This is not a race issue for the following reasons:

1. It occurred in NYC. Of all the cities in the world, NYC is most likely to have a successful black\non-white population. No high-end store would get away with discriminating, they would loose too many sales. I worked as an art dealer, and many of my best customers were black, there is no wealth divide at that level. (apart from there being more wealthy white people of course. I mean that wealth isn't exclusively in the hands of whites)

2. You are significantly more likely to be penalised for being young. An SA knows that a 25 year old is less likely to buy a cap-toe box calf than a 55 year old. They will treat you as such.

3. T&A and many high end stores are populated by wealthy people. These people know what they want, and will obtain it when ready. In many instances they leave patrons alone to browse, trusting that if a question arises they will ask it. If you're spending $600 on shoes, there is a damn good chance you know what you're doing and don't want an SA bobbing along at your elbow while you shop.


I sometimes wonder exactly how prevalent racism actually is. There have been several instances on SF of non-whites blaming race for poor service, only to have white people claim to have received the same service. I live with two Nigerians (both of whom are unbelievably well educated) and when ever a fight breaks out, they bring race into the equation before anyone else. In situations like this one with C&J I wonder how often there is a victim without a perpetrator.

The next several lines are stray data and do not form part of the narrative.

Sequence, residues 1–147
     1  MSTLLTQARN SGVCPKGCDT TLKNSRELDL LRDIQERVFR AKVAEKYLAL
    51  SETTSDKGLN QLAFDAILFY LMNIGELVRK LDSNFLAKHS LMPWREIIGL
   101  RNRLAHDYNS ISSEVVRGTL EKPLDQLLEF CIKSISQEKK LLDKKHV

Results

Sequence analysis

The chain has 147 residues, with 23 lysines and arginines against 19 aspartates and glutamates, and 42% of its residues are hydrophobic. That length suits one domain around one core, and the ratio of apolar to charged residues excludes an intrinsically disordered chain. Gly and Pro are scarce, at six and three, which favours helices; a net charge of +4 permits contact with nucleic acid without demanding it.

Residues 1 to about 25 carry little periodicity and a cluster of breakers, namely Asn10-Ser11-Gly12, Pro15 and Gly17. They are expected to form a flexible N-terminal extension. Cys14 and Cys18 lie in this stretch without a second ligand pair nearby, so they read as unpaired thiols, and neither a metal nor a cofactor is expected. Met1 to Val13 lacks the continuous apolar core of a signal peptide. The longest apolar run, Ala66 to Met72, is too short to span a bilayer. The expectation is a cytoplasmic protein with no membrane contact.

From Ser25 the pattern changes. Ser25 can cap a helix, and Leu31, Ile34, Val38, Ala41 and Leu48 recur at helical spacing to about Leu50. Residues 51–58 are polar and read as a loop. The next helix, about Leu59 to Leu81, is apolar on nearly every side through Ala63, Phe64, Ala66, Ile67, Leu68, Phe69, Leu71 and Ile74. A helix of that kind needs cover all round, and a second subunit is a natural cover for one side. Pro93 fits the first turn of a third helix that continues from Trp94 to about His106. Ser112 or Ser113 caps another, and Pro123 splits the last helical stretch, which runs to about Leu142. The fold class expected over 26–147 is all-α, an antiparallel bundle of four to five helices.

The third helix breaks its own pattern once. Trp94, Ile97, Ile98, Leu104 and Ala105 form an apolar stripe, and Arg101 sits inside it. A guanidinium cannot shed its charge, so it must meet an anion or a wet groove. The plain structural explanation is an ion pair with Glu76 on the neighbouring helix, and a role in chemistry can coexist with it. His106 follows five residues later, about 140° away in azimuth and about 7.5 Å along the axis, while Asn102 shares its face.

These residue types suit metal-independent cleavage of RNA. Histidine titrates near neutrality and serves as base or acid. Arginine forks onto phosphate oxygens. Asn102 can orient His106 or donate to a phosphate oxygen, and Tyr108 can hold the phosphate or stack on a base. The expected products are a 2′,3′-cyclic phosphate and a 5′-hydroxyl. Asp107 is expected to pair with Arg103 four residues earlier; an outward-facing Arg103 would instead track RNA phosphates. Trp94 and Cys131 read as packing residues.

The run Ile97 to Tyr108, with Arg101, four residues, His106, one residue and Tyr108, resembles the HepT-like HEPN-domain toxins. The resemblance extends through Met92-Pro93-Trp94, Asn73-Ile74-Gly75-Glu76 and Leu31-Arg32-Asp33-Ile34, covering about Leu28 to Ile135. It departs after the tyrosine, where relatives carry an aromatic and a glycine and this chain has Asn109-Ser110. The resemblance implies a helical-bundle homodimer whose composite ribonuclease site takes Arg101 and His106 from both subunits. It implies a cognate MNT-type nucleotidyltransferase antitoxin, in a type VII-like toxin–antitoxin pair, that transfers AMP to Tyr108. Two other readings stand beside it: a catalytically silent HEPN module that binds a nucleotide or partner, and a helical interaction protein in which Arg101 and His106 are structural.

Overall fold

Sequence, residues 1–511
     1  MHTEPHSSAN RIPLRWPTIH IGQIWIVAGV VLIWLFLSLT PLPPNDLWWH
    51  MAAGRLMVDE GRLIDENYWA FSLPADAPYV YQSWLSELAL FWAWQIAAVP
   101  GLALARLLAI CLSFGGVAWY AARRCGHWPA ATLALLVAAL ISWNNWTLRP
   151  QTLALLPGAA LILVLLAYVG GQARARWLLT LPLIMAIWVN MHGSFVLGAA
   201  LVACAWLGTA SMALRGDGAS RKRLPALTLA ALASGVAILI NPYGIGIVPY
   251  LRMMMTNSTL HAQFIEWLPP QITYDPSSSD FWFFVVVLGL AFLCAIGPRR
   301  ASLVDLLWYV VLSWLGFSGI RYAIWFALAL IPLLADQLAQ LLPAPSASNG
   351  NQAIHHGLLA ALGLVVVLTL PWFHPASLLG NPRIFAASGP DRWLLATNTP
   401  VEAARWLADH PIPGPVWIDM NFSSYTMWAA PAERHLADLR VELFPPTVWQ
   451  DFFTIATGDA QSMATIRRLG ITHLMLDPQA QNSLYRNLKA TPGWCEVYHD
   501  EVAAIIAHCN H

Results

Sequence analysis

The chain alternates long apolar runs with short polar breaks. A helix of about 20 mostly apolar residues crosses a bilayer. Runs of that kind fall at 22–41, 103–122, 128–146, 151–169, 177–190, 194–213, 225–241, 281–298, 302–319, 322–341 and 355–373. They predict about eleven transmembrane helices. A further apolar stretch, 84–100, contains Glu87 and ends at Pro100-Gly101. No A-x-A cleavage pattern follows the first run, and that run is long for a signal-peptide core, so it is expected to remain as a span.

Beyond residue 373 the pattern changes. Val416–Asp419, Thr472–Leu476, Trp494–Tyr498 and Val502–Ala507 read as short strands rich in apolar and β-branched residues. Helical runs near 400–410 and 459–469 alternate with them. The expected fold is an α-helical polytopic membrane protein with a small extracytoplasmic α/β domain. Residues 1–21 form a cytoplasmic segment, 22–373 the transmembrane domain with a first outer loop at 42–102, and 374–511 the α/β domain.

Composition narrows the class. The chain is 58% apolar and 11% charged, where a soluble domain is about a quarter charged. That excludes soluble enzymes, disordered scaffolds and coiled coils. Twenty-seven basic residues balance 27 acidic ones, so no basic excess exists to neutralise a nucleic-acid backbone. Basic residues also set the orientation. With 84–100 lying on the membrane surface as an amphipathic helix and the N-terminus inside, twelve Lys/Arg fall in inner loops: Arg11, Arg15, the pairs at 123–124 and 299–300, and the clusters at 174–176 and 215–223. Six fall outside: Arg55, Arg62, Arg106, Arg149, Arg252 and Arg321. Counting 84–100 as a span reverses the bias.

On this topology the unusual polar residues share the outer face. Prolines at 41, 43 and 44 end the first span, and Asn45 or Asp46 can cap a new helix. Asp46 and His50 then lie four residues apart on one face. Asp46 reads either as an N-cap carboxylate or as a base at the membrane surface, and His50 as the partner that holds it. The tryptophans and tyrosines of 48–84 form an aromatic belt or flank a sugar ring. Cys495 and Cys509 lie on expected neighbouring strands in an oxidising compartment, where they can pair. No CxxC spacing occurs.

post #84 of 145

Excellent first post. with equally excellent response! it changed how i look at shopping in high end stores for sure!!

 

Quote:

Originally Posted by TheGraduate View Post

 

Warning: Spoiler! (Click to show)

 

I know I'm terribly late to the discussion, but I was struck by many of the responses in this thread.  I have a burning question: has anyone considered race to be an issue?  

 

There was a Primetime program with Diane Sawyer, it was called True Colors (it's here on YouTube, part 2 is there too).  It's about racial discrimination in daily life.  Specifically, the black person (Glenn, IIRC) experiences a very poor shopping experience, and the poor service posted here reminded me of his experience.  Being a non-white person, and young too, I feel that I get a fair bit of discrimination in high-end shops.  The experiences some have posted is definitely something that I have experienced myself.  I once went to Turnbull & Asser to order some bespoke items.  I was let into the store, but the whole place felt like it was deserted: not a person in sight to help me.  I walked upstairs to the umbrella section and the man there didn't even look up to greet me.  He made himself look busy with his work and didn't make himself easily available.  It should be noted that I was wearing a three-piece bespoke suit with well-shined shoes.  I experienced this same "deserted store" phenomenon in Brooks Brothers on the same day (I was going on a shopping spree).  Yet, when I went to Mont Blanc half an hour later, I was well-received.  The key difference?  The woman who helped me was not white, whereas the staff at T&A and BB were white.  This is merely an observation and food for thought, and by no means is it an accusation; I'm not an instigator.